Lanny Davis admits he was the source of the story about Michael Cohen’s knowledge of Donald Trump concerning his son's meeting with the Russian lawyer. He also revealed that he was not truthful.
CNN was the source of the blockbuster story and all the major media ran with it. They trusted the accuracy of the statement by CNN. When the mainstream media realized the story was false, in fact, an untruth, almost everyone in the mainstream media, with considerable embarrassment, retracted the story, except CNN. The network that broke the story refused to retract its false story; further damaging what little reputation they had left.
During the Trump presidency, we have seen so many examples of the mainstream media rushing to report a story without verifying the facts. The initial accuracy is seriously in question with the Lanny Davis story, especially with the media pulling the story back later. I think it is fair to say, at least in my lifetime, that I have never seen a time when so many non-verified stories are released attacking the president, but later being retracted. I am not a reporter; I write commentary, but many times I feel like I do more research than most of the reporters breaking the news.
With that, I decided to do some research and see if most reporters follow any code of conduct or ethics that governs their behavior. Sure enough, I found the Society of Professional Journalists' Code of Ethics.
For this commentary, I will focus on just a few parts of the Code. You can make your own decision as to whether the media passed or failed in each section.
This SPJ code has four sections: Seek Truth and Report It, Minimize Harm, Act Independently, and Be Accountable and Transparent.
Seek Truth and Report It
Let us ask a question about this section: did the media report in a manner that showed there was a presumption of innocence when reporting about Russian collusion and President Trump? Did they diligently seek the subjects of the news coverage to allow them to respond to the criticism or allegations of wrongdoing against them? Pass or Fail?
Did the media balance the public’s need for information against potential harm or discomfort to the individual being reported on? The pursuit of news is not a license for arrogance or undue intrusiveness. In the case of the CNN story, the purpose of the story was to harm the reputation of President Trump. The Washington Times reports that 93 percent of CNN coverage is negative against President Trump. Has CNN minimized harm to the President? Pass or fail?
Did the media refuse gifts, favors, free travel, and/or special treatment and avoid political and other outside activities that may compromise integrity or impartiality, or may damage credibility? The Justice Department’s Office of Inspector General noted that “dozens” of FBI agents had contact with the news media, and many were taking sports tickets, golf outings, and other gifts from reporters to whom they were leaking unauthorized information about a criminal investigation. If reporters are bribing people from the FBI and Justice to get inside information, this may have compromised their independence. Pass or fail?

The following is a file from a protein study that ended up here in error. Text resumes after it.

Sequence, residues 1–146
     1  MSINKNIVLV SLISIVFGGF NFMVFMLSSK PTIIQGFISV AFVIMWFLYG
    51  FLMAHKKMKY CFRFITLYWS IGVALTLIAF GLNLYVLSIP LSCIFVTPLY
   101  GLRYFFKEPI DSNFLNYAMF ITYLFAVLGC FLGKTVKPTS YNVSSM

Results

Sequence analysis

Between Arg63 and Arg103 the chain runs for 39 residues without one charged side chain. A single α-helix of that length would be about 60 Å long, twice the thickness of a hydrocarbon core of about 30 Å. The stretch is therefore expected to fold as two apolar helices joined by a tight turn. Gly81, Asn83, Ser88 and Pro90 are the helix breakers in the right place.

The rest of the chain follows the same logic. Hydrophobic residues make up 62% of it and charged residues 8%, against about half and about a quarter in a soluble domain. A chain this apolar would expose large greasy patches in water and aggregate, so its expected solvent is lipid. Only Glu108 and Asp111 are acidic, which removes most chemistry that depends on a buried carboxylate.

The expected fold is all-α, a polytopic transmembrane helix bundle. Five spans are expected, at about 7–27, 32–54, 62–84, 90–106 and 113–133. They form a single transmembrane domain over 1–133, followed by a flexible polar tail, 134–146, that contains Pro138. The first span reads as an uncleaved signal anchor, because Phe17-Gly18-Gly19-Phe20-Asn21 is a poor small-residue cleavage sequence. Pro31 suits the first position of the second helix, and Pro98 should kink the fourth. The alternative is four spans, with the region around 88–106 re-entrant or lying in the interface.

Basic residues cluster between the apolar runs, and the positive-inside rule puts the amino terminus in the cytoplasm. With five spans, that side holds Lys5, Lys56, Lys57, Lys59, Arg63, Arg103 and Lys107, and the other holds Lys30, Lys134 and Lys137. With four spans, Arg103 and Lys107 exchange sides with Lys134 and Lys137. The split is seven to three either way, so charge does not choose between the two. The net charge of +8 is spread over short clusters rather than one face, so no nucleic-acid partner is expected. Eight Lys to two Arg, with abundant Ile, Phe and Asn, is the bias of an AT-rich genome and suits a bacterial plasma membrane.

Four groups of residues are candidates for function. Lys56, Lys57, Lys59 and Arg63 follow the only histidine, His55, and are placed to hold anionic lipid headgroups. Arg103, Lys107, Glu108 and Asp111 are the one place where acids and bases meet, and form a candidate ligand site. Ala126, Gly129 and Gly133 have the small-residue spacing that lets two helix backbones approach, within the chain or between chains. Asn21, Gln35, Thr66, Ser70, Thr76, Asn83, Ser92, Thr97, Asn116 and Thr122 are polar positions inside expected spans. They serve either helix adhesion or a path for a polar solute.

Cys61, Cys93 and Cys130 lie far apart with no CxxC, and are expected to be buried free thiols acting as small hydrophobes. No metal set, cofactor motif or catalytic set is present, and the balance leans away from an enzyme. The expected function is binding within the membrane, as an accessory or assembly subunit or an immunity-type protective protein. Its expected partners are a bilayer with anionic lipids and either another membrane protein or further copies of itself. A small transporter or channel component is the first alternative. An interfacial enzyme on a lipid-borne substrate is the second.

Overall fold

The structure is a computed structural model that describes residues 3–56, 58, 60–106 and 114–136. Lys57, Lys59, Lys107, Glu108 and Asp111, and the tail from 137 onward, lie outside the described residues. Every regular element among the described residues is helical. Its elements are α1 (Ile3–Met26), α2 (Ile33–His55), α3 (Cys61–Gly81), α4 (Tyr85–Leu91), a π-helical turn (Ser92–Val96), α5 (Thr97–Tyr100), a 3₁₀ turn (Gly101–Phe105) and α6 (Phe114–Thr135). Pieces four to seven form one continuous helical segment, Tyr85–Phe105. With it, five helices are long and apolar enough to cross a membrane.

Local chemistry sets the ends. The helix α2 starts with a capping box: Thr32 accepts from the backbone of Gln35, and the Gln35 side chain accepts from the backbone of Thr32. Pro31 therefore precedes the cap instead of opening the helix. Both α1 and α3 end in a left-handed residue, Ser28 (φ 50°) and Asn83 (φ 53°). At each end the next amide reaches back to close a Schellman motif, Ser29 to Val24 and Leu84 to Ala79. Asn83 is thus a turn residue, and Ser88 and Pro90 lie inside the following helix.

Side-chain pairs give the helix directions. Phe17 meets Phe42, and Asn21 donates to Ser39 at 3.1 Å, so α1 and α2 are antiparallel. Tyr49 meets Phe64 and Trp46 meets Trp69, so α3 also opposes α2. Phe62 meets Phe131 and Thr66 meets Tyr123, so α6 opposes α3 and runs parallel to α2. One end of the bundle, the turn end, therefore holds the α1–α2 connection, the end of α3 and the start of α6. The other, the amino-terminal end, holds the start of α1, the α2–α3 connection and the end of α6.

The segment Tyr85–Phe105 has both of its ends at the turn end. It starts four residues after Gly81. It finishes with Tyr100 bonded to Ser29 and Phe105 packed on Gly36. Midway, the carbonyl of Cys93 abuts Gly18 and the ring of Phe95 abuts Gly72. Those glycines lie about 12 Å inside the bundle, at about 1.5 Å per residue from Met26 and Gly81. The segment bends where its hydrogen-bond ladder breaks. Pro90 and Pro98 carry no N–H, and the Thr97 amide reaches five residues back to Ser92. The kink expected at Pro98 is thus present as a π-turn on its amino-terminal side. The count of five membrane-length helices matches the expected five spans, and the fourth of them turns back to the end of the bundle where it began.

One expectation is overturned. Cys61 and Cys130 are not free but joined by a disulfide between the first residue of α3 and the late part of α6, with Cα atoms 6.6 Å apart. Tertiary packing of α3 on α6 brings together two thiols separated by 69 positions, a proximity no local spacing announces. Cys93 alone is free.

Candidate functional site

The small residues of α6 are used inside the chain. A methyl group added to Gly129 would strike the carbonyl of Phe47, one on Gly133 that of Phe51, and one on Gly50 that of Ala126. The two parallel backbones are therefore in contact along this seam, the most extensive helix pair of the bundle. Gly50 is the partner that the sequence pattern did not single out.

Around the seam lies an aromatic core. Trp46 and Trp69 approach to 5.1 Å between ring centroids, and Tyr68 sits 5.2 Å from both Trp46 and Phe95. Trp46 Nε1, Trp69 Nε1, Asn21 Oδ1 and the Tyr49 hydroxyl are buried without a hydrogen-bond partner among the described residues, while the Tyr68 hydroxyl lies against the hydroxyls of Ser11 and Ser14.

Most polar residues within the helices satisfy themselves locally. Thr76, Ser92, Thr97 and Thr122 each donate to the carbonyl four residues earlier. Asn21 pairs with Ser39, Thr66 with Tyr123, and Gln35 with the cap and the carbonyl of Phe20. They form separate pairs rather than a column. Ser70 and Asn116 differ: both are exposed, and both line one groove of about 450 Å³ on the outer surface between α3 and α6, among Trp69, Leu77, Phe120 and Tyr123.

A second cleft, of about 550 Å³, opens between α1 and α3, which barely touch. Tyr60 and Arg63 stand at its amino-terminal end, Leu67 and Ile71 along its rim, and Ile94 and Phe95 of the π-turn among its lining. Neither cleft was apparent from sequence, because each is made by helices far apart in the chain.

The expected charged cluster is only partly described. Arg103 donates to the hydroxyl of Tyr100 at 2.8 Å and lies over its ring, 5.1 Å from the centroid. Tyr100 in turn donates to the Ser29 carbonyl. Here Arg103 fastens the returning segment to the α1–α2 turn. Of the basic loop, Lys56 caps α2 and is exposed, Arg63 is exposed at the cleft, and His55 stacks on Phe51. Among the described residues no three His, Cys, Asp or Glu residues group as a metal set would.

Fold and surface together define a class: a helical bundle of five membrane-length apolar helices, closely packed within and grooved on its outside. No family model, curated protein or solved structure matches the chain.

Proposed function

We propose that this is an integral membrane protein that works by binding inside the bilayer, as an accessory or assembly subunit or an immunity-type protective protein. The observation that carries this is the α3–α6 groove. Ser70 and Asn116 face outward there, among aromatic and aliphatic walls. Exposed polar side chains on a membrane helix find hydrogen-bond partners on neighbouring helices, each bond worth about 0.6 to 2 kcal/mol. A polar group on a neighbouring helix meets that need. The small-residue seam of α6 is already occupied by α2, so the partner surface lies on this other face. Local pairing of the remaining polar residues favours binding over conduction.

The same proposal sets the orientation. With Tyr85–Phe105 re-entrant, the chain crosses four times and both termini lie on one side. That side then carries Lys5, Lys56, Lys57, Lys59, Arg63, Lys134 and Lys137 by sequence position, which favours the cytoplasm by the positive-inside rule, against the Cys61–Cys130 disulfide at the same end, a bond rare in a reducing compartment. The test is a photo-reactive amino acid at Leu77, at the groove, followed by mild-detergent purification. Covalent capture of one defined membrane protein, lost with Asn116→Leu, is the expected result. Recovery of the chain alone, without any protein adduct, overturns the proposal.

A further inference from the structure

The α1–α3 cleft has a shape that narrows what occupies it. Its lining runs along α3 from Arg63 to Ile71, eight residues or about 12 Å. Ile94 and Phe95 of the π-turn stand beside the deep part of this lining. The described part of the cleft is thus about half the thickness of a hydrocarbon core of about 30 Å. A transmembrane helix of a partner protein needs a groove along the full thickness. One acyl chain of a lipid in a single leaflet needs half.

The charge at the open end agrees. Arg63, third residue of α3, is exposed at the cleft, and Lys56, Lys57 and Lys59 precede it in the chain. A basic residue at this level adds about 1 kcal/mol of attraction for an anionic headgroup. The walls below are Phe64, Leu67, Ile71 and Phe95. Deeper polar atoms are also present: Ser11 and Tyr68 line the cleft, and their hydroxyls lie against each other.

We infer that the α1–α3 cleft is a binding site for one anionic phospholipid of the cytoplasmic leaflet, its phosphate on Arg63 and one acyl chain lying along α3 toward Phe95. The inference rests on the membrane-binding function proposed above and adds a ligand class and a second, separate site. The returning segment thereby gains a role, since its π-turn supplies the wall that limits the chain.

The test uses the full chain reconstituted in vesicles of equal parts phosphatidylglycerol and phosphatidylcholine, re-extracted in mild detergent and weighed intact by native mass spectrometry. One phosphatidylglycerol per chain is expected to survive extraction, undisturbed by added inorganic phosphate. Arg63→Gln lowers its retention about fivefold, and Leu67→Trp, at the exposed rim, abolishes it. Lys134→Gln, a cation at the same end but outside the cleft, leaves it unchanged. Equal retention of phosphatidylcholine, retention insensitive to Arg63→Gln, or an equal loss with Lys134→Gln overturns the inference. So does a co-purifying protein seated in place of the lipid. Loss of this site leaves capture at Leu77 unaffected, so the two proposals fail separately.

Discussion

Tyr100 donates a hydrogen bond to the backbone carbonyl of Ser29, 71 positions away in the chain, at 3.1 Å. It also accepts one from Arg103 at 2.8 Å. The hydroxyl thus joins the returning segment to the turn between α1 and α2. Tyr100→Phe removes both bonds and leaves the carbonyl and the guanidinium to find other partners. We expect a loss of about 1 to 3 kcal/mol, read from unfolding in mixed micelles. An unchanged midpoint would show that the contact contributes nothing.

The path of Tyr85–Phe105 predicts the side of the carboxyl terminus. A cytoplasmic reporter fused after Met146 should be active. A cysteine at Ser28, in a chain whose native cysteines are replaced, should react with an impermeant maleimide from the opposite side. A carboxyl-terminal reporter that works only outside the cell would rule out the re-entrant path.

Be Accountable and Transparent
Did the media explain ethical choices and processes to audiences, or did they encourage a civil dialogue with the public about journalistic practices, coverage, and content?
Debate.org posted a story that asked the question whether the media could be trusted to tell the truth. It was reported that 85 percent of the people responding to the poll answered no.
In the case of the Lanny Davis story, almost all the news organizations that took the feed from CNN walked the story back. CNN, in the face of the recanting by Davis, stood by the story.
Given the activity of the major media in reporting on President Trump, the major media across the board failed at living up to their own standards of ethical behavior. According to data from the latest Harvard-Harris poll, which was provided exclusively to The Hill, 65 percent of voters believe there is a lot of fake news in the mainstream media.
I hope that someday a generation of journalists will look at this code of ethics and bring about a change that will allow the American people to start believing in the media again.
Dan Perkins is an author of both thrillers and children’s books. He appears on over 1,100 radio stations. Mr. Perkins appears regularly on international TV talk shows, he is current events commentator for seven blogs, and a philanthropist with his foundation for American veterans, Songs and Stories for Soldiers, Inc. More information about him, his writings, and other works are available on his website, DanPerkins.guru. To read more of his reports — Click Here Now.
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